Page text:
Saturday, January 22, 2011

Piecemeal System Review: Sanity in Chaosium's Call of Cthulhu

Everyone knows that in the Call of Cthulhu RPG, when you see something sanity-blasting: a murder, a giant severed head falling down from the heavens, a fairy, or even Great Cthulhu himself, you lose sanity from your Sanity stat. When you drop down to zero, you go insane. Kind of like hit points, right?

Not quite.

Starting Sanity and Hit Points
While Sanity and Hit Points operate largely the same (you can pretty much operate at full capacity while you have some points in either). However starting values are different. In the RPG, your hit points are based on the average between two stats -- which normally top out at 18, while your Sanity is based on a single stat (POW) multiplied by 5. In general, you have way more Sanity Points than Hit Points but jumping to the conclusion that it's easier to die than go insane is misleading; there are extra rules governing one's sanity.

When you take physical damage, you roll the damage dice, total it up, and subtract it from your current hit points. If you have any left, you're alive and can keep on keepin' on.

The first Call of Cthulhu
book I ever owned 
When you see something sanity-threatening, you're asked to make a percentile roll against your current sanity value. If you make it, you lose sanity equal to the lower sanity loss dice of whatever you saw. If you don't make it, you lose sanity equal to the higher sanity loss dice of whatever you saw.

For example, if you saw something truly nasty, the ratings are (1D10/1D100) Sanity loss. Make the sanity check, and you only lose a maximum of 10 sanity from your total. Blow the sanity check, and you could lose 100 sanity. That's bad because...

Permanent Insanity and Temporary Insanity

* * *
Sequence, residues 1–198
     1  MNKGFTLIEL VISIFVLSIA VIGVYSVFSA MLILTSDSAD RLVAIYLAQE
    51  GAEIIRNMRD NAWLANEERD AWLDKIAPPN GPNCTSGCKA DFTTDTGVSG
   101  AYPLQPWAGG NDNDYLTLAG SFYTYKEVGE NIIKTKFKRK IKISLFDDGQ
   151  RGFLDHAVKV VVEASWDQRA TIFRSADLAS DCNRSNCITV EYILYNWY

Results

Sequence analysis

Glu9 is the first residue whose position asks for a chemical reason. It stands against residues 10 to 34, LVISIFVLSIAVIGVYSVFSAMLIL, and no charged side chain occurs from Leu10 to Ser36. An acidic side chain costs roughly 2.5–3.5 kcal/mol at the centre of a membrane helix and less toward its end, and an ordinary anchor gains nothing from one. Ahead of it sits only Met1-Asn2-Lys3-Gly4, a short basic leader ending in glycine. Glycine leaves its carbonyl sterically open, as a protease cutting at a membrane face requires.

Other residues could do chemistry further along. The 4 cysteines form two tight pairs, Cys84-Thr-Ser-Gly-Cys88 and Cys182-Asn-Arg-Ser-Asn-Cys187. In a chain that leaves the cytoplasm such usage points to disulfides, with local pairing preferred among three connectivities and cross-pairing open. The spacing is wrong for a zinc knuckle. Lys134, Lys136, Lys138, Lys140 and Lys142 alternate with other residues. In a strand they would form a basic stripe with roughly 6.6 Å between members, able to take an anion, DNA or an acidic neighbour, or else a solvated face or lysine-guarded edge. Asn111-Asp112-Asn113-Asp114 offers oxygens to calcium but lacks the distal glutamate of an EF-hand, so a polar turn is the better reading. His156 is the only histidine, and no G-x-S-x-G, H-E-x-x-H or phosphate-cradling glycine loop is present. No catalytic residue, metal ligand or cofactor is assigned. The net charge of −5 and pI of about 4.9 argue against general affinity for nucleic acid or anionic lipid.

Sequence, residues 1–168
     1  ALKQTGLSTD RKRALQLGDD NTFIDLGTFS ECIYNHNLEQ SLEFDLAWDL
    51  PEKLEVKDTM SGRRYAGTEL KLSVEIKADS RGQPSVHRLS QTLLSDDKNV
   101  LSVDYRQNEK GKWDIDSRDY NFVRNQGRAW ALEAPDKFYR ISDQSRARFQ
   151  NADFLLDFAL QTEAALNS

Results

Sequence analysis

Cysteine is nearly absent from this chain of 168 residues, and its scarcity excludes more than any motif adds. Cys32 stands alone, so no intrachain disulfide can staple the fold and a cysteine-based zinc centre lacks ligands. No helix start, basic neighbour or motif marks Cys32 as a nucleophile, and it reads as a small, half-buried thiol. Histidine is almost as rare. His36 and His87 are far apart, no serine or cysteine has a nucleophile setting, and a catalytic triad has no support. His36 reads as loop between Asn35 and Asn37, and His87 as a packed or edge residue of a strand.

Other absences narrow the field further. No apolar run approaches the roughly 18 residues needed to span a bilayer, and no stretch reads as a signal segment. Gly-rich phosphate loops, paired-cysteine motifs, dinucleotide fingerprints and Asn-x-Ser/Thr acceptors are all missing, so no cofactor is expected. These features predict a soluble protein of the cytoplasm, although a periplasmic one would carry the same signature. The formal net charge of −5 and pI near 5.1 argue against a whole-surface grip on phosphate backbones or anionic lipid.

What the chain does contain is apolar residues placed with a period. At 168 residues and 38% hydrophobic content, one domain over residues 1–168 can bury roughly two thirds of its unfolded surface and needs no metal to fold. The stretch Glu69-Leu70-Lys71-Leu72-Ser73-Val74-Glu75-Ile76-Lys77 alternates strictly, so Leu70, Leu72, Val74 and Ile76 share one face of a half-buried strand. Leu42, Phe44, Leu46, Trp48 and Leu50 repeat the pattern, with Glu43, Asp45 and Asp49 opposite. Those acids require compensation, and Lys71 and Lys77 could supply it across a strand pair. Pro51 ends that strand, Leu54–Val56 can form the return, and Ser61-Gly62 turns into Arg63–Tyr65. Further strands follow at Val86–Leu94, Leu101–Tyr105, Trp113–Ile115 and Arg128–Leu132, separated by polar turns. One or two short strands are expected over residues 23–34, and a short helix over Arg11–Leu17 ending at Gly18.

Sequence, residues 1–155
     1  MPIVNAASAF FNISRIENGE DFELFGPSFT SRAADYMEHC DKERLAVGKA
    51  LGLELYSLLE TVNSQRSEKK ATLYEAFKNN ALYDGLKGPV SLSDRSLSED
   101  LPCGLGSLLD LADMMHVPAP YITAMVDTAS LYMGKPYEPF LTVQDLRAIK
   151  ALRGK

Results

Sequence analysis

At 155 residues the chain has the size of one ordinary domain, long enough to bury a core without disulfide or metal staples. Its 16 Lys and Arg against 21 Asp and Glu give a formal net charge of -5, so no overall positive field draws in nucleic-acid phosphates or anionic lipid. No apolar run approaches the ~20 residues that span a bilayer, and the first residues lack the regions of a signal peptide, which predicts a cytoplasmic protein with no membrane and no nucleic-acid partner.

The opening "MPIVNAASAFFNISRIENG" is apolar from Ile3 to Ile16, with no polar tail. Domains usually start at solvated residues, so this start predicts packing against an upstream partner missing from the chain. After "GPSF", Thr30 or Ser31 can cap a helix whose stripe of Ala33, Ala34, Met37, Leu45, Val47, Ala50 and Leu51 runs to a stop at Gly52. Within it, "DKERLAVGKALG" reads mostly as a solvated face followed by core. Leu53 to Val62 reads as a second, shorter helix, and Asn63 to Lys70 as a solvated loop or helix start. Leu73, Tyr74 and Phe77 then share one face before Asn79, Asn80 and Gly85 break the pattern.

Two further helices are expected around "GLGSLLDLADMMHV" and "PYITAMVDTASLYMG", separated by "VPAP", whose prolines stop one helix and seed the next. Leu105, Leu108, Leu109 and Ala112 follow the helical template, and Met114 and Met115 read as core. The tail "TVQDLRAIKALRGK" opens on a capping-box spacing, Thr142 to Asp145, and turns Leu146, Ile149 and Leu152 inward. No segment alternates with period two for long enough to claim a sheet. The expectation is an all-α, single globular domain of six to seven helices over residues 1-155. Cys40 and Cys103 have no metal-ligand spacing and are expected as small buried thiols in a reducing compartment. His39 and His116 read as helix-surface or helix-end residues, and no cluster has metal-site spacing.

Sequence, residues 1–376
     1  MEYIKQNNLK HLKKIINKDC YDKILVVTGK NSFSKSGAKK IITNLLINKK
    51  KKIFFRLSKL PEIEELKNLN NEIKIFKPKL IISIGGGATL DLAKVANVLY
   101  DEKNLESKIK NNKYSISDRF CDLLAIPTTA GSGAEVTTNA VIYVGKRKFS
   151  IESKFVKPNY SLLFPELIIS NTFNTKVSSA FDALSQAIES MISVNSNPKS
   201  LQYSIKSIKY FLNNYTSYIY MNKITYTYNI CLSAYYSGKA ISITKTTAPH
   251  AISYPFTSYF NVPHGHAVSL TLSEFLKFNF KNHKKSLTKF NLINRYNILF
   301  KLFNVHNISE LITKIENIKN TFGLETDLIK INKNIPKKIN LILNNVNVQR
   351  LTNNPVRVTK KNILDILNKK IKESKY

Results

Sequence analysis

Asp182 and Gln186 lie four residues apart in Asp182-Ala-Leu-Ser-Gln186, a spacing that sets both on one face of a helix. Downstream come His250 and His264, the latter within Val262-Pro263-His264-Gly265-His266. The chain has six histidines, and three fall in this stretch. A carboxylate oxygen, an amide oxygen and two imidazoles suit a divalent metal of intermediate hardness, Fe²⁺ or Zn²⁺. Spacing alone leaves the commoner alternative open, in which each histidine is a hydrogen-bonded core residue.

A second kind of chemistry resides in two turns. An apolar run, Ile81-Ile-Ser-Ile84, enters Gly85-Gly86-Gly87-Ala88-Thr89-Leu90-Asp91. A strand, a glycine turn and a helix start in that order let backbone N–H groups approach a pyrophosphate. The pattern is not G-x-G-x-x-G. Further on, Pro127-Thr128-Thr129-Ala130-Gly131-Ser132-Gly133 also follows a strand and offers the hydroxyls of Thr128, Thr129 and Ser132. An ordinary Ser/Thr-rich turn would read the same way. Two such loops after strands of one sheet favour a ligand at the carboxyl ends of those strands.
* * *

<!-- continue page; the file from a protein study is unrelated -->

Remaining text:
The maximum possible value for your sanity is 99 (more on why later). Lose 100 sanity points means instant permanent insanity and NPC-dom for your former Player Character.

But even if you do make your Sanity roll, and lose only 10 Sanity... there a chance you could go temporarily insane. You compare your total Sanity loss in a short time period against one of your stats (which doesn't go higher in normal characters than either 18 or 21 -- I forget which -- and averages around the 10 to 12 range) and if it exceeds... you must check if can FAIL an Idea roll.

An Idea roll is an interesting old school mechanic meant to reflect that while the Player may not be able to think of something, his or her smarter character might. If after losing too much Sanity a PC FAILS the Idea roll, he or she does NOT understand the full import of what was seen and is okay. If the PC succeeds the Ideal roll, the he or she does and goes temporarily insane.

In other words, remaining sane in this game is not only a mixture of prudence and cunning game play, it's also a matter of luck and some timely (or inherent) character stupidity.

Maximum Sanity
The maximum possible Sanity for a PC is 99 minus the amount of Cthulhu Mythos knowledge the character has. This means that the more a character learns about the secrets of the mythos, the less likely he or she is to be sane. To be an expert in Cthulhu Mythos is to threaten one's sanity.

I bring this up, not only because I'm fascinated how the mechanics have been able to echo the logic seen in the stories, and how being too smart and too brave and too knowledgeable in the game can threaten one's character. All these things are important to successful completions of adventures, but in a game where you really can die quite easily, there's a mechanic that makes you question whether or not you really do need more information, and whether or not you can handle it -- or if some other character should shoulder the burden for at least a little while.

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